Brewers camp report: Likes and dislikes

PHOENIX -- What I like, and dislike, about the Brewers:


 This is as versatile an offense as you will find, and all of the key components are back from 2012. Starting, of course, with Ryan Braun. Even in the aftermath of Prince Fielder’s tenure, the Brewers last year led the NL in runs scored (776), home runs (202) and stolen bases (158). The Brewers became the first team since the 1996 Rockies to lead the NL in each of those categories.

 Norichika Aoki emerged as a multi-talented threat as the summer rolled along, hitting .288 with 10 homers and 50 RBI and collecting 30 steals over 151 games (119 starts). Aoki, who finished fifth in NL Rookie of the Year voting, led NL rookies in steals and tied the Padres’ Yonder Alonso for the rookie lead with 150 hits. He also set a Brewers franchise record with 37 doubles, passing the great Prince Fielder (35). And Aoki was consistent, too: He became the first NL rookie since Bake McBride in 1974 to have four hitting streaks of 10 or more games.

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 Emerging shortstop Jean Segura could quickly force the Angels to regret the Zack Greinke deal. The Brewers love him and, at 23, he’s maturing quickly. Among other things, he won the Dominican Winter League batting title at .324 over 35 games for the Gigantes. Segura also compiled a .379 on-base percentage and tied for second in the Dominican Winter League with 11 thefts.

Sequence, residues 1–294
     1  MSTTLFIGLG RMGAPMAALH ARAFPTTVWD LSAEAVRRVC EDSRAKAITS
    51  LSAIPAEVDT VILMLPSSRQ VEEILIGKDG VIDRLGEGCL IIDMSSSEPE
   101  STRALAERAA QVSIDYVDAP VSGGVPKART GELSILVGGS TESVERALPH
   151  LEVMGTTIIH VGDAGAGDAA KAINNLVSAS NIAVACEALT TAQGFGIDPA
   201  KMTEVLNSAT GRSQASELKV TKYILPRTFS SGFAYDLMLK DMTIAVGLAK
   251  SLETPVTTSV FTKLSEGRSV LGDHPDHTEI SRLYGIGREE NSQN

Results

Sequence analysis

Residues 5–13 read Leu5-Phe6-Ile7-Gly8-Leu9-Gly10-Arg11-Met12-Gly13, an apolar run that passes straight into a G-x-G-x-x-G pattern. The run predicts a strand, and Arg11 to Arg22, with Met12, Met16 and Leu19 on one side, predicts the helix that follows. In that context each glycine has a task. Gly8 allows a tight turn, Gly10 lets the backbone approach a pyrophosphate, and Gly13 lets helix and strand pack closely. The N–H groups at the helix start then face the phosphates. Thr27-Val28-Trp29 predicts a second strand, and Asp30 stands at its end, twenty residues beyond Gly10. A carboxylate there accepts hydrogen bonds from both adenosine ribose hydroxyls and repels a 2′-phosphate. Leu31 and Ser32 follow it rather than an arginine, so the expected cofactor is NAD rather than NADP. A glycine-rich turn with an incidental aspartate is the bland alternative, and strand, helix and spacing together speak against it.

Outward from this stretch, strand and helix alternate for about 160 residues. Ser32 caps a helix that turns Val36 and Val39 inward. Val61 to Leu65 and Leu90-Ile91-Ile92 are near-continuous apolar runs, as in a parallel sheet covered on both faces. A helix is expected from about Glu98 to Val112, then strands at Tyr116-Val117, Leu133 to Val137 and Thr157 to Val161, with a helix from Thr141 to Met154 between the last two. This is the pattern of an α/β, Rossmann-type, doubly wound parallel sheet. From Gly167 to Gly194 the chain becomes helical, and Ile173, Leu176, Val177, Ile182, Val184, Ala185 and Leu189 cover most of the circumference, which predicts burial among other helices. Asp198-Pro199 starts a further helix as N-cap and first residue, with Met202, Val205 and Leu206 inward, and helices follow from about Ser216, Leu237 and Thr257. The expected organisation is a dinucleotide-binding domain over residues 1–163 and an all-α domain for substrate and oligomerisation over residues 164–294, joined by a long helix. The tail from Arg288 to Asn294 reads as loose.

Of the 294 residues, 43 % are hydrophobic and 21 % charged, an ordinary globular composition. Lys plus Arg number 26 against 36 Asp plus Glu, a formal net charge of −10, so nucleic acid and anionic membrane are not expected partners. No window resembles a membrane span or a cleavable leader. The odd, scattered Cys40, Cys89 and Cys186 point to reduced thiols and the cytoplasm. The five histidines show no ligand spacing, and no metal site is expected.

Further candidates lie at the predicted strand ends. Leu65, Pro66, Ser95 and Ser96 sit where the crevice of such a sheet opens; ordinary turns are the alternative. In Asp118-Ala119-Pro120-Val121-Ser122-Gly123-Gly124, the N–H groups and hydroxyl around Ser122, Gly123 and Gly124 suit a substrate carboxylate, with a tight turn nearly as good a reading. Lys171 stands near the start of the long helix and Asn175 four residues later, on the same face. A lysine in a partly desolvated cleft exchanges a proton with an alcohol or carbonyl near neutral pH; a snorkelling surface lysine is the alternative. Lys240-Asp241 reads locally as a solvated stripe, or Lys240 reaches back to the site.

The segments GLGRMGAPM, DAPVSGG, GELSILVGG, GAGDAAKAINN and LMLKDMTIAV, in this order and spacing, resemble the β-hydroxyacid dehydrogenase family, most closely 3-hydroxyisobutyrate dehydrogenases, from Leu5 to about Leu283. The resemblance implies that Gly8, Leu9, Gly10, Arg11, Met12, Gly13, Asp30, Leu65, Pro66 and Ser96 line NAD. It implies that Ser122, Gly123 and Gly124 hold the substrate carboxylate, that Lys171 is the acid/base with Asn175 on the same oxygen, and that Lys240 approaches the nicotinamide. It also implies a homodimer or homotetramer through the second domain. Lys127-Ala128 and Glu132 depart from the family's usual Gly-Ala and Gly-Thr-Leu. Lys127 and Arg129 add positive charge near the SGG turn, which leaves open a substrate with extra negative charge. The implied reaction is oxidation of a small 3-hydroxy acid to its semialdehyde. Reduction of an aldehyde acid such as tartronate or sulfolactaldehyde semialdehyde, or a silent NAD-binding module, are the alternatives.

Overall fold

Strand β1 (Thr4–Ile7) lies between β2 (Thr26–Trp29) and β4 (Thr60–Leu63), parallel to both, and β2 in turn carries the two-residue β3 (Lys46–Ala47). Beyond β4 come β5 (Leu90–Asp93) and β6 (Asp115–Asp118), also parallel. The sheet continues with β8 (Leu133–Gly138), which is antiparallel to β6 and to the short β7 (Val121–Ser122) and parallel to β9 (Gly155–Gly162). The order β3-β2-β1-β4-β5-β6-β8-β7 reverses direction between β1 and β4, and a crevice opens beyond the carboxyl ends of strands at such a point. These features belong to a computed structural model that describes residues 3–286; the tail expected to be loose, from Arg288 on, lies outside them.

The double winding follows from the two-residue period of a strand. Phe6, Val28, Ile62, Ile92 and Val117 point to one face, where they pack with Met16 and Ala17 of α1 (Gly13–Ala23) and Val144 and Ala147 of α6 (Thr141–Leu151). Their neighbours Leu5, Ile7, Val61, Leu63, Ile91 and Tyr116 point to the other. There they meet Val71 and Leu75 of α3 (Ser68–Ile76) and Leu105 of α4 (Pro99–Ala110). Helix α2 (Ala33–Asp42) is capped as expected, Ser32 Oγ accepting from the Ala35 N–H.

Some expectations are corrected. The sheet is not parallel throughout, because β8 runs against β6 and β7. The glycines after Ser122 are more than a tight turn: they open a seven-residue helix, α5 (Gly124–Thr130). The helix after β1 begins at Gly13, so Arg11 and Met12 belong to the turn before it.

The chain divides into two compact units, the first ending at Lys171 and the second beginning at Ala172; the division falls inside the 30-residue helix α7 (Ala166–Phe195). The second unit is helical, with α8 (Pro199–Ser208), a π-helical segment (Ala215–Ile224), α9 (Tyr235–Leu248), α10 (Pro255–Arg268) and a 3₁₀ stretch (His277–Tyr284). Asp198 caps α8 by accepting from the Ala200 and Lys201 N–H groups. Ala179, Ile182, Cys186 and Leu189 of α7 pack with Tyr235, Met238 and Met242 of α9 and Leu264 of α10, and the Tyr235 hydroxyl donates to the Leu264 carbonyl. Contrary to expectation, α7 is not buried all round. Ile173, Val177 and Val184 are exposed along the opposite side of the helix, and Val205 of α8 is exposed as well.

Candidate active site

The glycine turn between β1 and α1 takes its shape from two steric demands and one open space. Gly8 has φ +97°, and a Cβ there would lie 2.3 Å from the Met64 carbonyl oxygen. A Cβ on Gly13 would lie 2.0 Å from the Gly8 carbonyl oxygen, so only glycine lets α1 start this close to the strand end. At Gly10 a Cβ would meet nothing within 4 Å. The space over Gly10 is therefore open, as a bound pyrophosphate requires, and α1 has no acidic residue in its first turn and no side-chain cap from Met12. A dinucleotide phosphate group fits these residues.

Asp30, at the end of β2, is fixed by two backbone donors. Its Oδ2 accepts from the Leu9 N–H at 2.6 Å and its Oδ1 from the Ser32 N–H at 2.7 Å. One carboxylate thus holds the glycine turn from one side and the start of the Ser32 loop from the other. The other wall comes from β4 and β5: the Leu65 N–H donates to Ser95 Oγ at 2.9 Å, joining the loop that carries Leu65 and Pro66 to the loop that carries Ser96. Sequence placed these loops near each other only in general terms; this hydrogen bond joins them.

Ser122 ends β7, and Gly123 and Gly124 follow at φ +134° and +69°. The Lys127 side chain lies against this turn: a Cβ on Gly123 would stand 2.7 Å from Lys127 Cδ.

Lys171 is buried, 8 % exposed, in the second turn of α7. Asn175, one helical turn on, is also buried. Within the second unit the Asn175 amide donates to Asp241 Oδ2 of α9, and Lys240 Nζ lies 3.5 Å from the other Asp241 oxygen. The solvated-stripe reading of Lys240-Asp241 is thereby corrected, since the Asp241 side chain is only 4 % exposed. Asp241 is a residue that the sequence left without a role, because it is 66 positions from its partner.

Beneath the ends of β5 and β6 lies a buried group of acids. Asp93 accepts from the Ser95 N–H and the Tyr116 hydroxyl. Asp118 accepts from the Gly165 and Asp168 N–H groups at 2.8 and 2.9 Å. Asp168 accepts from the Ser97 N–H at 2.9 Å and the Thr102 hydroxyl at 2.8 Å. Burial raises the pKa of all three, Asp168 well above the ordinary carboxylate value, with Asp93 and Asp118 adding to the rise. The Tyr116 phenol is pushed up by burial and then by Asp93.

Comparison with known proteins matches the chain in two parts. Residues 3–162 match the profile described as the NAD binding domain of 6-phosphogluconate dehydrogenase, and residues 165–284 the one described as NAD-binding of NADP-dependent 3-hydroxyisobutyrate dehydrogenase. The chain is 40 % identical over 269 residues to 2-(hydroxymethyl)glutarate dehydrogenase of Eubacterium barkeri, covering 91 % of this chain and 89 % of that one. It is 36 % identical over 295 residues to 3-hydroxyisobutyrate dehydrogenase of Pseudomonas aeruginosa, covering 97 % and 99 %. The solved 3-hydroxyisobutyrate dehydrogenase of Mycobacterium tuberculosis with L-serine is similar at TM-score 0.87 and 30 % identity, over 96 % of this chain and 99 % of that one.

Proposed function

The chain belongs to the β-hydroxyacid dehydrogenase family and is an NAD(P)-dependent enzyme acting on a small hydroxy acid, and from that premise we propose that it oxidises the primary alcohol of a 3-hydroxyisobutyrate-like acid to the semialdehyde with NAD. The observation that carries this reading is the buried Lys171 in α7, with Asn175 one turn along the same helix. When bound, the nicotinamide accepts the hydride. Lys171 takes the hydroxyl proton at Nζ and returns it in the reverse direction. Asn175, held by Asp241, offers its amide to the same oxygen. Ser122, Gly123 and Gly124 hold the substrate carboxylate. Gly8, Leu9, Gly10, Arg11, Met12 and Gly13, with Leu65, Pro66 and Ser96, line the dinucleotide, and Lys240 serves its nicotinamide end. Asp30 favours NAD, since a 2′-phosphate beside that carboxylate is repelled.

Good luck beating the Brewers in Miller Park. Over the past two seasons, they are 106-56 at home, best record in the majors. (The Yankees rank second at 103-59.) They went 49-32 at home last summer, which helped the Brewers tie Oakland for the best overall record in the majors from Aug. 20 through season’s end at 29-13.


 The ongoing Ryan Braun business. Will MLB’s investigation into the Miami Biogenesis clinic lead to a suspension? Braun already beat one suspension after his MVP season in 2011. He flicked that away like a well-placed fastball, coming back in 2012 to finish second to the Giants’ Buster Posey in the NL MVP voting. His 202 homers over his first six seasons are tied for sixth in major-league history behind Ralph Kiner (257), Albert Pujols (250), Ryan Howard (222), Eddie Matthews (222) and Mark Teixeira (203). Is he clean? Is he dirty? And if MLB finds a smoking gun, at what point in the season might that clobber the Brewers?

 Big year for closer John Axford, whose two-month slump last year positioned him to lead the majors with nine blown saves. But he converted 17 of his final 18 opportunities as the Brewers nearly pulled off a back-from-the dead comeback.

 Axford, Jim Henderson, Tom Gorzelanny, newcomers Mike Gonzalez and Burke Badenhop, they need to reverse the trend that killed the Brewers last year: They led going into the ninth inning in 83 games, and 11 of those turned into losses. That’s 14 percent of the time they let a ninth-inning lead get away -- and according to Baseball Prospectus, the NL average was five percent.

 While they’ve been nearly unbeatable at home the past two seasons, the road has been a problem. They were 34-47 away from home in 2012, fueled by an 11-game road losing streak from July 20-Aug. 11. That was the second-longest road losing streak in franchise history, and there have been several to choose from. Since 2000, the Brewers have compiled just one winning road record in a season -- 41-40 in ’08.

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